Listing the many deficiencies in EO2, the judges wrote, it “does not provide any link between an individual’s nationality and their propensity to commit terrorism or their inherent dangerousness.” (Page 39)

The judges did not cite the WorldWar II absurdity that locked up antiNazi German aliens (many of them Jews) because of their nationality. That was more evident in Britain than in the United States, although it happened here, too.

Nationality is a state of mind, and that should be evident above all to the quivering cowards in the Republican Party who are so exercised at the thought that white people from European countries are traveling to fight for the Islamic State in the Mideast.

The mistakes of World War II ought to have taught us something, but clearly they did not. This blade cuts both ways. In a summary list of immediate harms to Hawaii interests, one is reduction  of tourism.

In 1942, when German submarines were torpedoing scores of tankers and freighters moving up and down the East Coast, at night, using the backlight from beach towns to silhouette their targets, the Navy proposed a blackout. Numerous mayors squealed loudly that that would ruin the tourist trade. The lights stayed on and sailors burned to death in oily seas.

8 comments:

  1. However, in reality, the ban was not addressed at the 6 or 7 countries, or even at its root against Muslims.

    Let's assume that, at its root, the ban is addressed not just at 6 or 7 countries, but at all Muslim immigration. Then consider Muslim attitudes towards sharia law, and that those attitudes are inherently inimical to Western and US laws and societal mores.

    Why isn't excluding Muslim immigration not prima facie valid?

    NB: In Europe, if citizens had a vote, Muslim immigration would end.

    When times are troublous, the cry of “the nation in danger” is often a vote-getter. The nation does not have to actually be in danger; as the appeals court noted, no one from any of the target countries has ever committed an act of terror in the United States.

    And the barrier to what has already happened repeatedly in Europe would be, well, what, exactly?

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  2. The 9th circuit is a joke.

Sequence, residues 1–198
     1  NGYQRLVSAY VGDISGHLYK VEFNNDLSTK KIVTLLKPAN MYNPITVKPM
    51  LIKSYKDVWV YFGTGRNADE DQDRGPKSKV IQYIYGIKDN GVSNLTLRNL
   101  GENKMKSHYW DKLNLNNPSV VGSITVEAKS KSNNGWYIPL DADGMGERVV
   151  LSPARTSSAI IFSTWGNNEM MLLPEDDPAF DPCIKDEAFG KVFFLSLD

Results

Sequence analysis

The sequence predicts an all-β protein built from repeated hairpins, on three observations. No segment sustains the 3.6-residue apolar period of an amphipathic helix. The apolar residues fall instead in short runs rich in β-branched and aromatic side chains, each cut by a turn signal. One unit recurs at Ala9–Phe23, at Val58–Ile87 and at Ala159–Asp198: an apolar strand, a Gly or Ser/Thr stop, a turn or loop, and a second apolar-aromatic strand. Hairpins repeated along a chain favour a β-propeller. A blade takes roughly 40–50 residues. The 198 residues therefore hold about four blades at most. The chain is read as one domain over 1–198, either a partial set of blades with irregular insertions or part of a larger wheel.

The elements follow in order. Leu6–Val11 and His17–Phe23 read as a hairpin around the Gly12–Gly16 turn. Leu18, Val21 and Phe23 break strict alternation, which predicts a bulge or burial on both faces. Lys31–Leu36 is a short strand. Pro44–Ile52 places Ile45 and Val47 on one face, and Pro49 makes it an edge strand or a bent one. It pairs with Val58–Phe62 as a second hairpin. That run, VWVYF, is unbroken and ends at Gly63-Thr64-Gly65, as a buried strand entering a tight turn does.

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  3. And the 4th?

    Nevertheless, Skipper, Christian terrorism is more prevalent. Explain that how you will. Maybe it's a result of Christian attitudes toward Cristian law.

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  4. Then consider Muslim attitudes towards sharia law, and that those attitudes are inherently inimical to Western and US laws and societal mores.

    Why isn't excluding Muslim immigration not prima facie valid?


    That is the question the 4th, 9th, and you are begging, but can't, or won't answer.

    Christian terrorism is more prevalent.

    Than what? Sources, please.

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  5. Then consider Muslim attitudes towards sharia law, and that those attitudes are inherently inimical to Western and US laws and societal mores.

    Why isn't excluding Muslim immigration not prima facie valid?


    To wit.

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  6. "Why isn't excluding Muslim immigration not prima facie valid?"


    Because long ago the Western learned, the hard way, that religious bigotry exacts a heavy price. So we prefer not to enact laws targeting religious groups.

    See, it is very simple to answer your question.

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  7. Incidentally, if Muslim communities wish to subject themselves to sharia or other religious law, there is no obstacle in the U.S. (although there are, of course, restrictions). Christians - especially Catholics, but a number of other sects - have been and are doing this legally. What they can do, Muslims can as well.

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  8. Prima facie valid? That's not how our laws work. US Constitution, Art I, Sect 9, Clause 3

    ReplyDelete